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Prevention Training Key to Addressing Abuse at Kids' Camps

A former manager says every kids' camp should have sexual abuse prevention training for its staff. (Bureau of Land Management/Flickr)
A former manager says every kids' camp should have sexual abuse prevention training for its staff. (Bureau of Land Management/Flickr)
December 14, 2018

BOISE, Idaho – Are children's camps doing enough to prevent sexual abuse? That's a question being raised after a CBS report this week identified more than 500 cases of alleged abuse at camps across the country over the past half-century.

Wickes MacColl, a former manager at Paradise Point Episcopal camp in McCall, says programs like "Darkness to Light," which she brought to Paradise Point, offer training to help protect children. MacColl says camp can be one of the best experiences of a child's life, and it's every camp's duty to keep kids safe while they're there.

"It's our responsibility as camp directors and boards of camps to make sure that we give a full, wraparound service of safety,”says MacColl. “And one of those services has got to be that every member of the staff is trained with a reputable program that helps provide safety from child sexual abuse."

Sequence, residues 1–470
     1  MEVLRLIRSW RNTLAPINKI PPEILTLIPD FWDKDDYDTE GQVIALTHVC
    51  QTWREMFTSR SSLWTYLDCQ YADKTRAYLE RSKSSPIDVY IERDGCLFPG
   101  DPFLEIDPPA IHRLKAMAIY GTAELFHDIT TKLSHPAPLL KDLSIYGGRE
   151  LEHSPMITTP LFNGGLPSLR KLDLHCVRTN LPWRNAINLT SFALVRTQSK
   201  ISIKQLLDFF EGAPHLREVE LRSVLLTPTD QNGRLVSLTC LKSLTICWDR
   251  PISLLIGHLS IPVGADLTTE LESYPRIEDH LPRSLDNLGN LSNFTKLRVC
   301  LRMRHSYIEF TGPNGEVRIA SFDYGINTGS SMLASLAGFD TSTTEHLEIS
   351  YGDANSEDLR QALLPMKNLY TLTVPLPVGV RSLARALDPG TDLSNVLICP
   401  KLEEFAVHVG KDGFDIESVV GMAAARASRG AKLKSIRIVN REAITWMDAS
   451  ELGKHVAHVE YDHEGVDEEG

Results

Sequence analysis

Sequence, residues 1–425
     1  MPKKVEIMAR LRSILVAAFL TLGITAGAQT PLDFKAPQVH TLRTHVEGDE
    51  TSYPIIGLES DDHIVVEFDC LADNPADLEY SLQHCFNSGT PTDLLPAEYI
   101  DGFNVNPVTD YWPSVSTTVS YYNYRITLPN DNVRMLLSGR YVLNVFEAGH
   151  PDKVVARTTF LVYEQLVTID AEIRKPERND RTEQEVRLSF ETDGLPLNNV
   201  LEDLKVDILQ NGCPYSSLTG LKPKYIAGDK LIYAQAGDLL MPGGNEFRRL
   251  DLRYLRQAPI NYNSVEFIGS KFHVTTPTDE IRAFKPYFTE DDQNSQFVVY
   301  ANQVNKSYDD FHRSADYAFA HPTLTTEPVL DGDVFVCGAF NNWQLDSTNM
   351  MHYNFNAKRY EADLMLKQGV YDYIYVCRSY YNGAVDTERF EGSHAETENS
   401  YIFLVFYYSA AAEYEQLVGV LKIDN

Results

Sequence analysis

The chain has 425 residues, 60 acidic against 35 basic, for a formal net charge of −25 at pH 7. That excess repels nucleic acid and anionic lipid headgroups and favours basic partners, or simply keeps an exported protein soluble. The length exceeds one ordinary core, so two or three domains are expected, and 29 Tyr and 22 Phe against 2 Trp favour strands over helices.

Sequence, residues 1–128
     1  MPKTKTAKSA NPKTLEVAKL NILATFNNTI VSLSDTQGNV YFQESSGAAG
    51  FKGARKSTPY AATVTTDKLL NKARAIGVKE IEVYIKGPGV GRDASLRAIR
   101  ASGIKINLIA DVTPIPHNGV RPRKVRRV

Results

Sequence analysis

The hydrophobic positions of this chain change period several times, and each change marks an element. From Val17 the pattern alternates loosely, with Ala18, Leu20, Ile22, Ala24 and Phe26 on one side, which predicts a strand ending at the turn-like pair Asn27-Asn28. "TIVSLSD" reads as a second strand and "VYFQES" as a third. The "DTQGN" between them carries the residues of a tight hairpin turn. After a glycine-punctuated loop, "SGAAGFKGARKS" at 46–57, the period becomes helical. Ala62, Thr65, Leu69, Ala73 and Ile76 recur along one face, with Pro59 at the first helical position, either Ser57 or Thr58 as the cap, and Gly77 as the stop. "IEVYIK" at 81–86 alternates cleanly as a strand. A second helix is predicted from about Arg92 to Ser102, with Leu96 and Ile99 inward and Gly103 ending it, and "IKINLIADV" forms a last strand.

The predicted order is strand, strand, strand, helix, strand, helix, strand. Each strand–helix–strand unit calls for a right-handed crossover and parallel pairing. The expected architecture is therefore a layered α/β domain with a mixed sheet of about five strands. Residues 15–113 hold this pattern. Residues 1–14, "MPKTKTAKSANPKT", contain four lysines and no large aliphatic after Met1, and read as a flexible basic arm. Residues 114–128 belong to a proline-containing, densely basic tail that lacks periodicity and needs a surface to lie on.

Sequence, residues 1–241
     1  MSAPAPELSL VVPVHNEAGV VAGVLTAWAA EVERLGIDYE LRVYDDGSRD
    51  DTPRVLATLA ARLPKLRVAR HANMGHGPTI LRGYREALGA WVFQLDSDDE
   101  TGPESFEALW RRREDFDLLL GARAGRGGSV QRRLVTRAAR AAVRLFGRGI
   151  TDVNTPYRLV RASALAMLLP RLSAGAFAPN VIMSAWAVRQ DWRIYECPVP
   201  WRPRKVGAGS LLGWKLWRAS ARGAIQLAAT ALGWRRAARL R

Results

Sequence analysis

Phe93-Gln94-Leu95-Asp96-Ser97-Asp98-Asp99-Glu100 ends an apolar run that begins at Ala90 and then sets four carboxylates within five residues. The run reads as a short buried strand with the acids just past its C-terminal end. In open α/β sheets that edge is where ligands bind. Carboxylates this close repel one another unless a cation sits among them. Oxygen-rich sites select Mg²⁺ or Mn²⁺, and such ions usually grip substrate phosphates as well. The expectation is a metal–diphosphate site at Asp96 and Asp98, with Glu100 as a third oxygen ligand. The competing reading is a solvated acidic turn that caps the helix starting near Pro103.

MacColl says parents shouldn't be discouraged from sending their kids to camp and points to multiple training programs. For instance, Darkness to Light's Stewards of Children curriculum offers safe ways for camp counselors and staff to interact with children.

MacColl says camp counselors especially appreciated the sexual abuse prevention training.

"The young adults were just so thankful to have a tool to be open with the youngsters that they were going to be caring for, and with a beautiful boundary all set up for them,”says MacColl. “It was a skill area they had no idea how to deal with."

Child sexual abuse is prevalent and has effects that ripple through a person's life. According to the CDC, one in ten children will be sexually abused before age 18.

MacColl says talking about abuse at camp is a good avenue for talking about abuse prevention in other arenas as well.

"We really do need to be able to talk about this as a society, and starting to talk about it at camp seems like a perfect place for young adults and communities to come together to see it in action,”says MacColl.

Eric Tegethoff, Public News Service - ID